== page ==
Recovery from Vestibular Ototoxicity


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Abstract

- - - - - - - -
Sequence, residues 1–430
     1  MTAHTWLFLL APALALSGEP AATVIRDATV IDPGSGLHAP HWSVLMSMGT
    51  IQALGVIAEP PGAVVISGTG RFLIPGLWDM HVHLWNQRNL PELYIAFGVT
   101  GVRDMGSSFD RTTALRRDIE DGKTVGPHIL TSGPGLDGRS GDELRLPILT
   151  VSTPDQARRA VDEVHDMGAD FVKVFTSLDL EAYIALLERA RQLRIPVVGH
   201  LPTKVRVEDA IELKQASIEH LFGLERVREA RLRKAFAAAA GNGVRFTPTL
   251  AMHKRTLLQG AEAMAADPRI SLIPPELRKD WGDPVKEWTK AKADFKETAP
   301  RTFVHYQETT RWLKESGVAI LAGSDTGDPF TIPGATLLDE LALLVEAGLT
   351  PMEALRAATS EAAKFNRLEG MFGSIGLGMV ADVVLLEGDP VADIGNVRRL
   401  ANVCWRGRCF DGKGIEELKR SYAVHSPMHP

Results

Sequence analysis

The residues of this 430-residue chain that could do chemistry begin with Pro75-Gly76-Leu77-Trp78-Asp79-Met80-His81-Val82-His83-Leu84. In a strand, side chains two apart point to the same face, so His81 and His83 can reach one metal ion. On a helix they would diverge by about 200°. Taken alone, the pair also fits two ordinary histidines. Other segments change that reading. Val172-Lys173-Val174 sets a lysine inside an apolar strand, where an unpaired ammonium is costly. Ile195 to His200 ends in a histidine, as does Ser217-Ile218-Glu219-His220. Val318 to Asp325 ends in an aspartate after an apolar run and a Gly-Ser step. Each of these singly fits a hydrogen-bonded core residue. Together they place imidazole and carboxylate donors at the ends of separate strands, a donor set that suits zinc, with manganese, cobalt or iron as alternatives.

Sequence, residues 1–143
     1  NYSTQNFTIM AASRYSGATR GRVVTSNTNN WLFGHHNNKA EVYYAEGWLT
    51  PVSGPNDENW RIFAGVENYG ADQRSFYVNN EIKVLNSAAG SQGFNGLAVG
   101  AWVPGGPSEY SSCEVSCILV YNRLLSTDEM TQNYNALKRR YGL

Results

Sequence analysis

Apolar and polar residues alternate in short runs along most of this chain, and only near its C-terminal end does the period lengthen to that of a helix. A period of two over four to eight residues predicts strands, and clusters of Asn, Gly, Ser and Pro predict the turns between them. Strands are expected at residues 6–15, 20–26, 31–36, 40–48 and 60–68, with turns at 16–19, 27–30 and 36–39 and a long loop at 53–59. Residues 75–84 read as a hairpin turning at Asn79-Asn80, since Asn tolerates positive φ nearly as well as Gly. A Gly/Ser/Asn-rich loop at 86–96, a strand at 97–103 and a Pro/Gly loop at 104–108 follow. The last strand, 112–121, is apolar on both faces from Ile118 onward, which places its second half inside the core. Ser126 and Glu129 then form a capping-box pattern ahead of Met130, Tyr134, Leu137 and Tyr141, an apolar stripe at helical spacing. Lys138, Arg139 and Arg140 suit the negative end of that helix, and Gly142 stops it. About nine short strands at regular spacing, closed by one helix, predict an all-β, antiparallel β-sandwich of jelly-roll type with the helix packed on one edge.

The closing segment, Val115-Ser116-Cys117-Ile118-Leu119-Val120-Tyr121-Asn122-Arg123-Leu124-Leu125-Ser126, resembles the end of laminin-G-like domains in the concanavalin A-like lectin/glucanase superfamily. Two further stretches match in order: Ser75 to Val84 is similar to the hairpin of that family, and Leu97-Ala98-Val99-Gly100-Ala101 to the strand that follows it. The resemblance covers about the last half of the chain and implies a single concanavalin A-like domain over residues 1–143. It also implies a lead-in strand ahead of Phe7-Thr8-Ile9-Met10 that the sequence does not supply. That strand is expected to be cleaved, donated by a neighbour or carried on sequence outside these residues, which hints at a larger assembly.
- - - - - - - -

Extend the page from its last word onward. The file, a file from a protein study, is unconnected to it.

ObjectiveDetermine whether subjects with documented vestibular ototoxicity recover vestibular function and, if so, investigate the recovery dynamics.Study designProspective and retrospective reviews and repeated measures.SettingClinical research and technology center.SubjectsTwenty-eight subjects who received vestibulotoxic medications were followed for at least 12 months after initial treatment.ControlsOur subject sample was compared with a published database of normal individuals.InterventionsAll 28 subjects received systemically administered medications known to be ototoxic. The subjects' treating physicians controlled medication, dosage, and administration schedules.Main Outcome MeasuresTests of horizontal canal vestibulo-ocular function were performed. Subjects' auditory and vestibular symptoms were recorded.ResultsEleven subjects (39%) showed changes in horizontal canal vestibulo-ocular gain constant (GC) and/or time constant (TC) consistent with vestibular ototoxicity. When tested 1 year after ototoxic drug administration, eight of the nine subjects who experienced ototoxic decrease in GC showed a recovery of GC to normal limits. Only one of the eight subjects who experienced ototoxic decrease in TC showed recovery of TC to within normal limits. Ototoxicity onset and recovery were independent of baseline vestibular function, and ototoxicity onset did not correlate with cumulative dose of ototoxic medication. There was no relationship between subjective symptoms and ototoxicity onset.ConclusionsRecovery of GC after vestibular ototoxicity is more commonly observed than recovery of TC. Because ototoxic changes developed and continued in an unpredictable time and manner in relation to ototoxic drug administration, we propose that once ototoxic changes in vestibulo-ocular reflex are detected, ototoxic medications should be discontinued as soon as possible.

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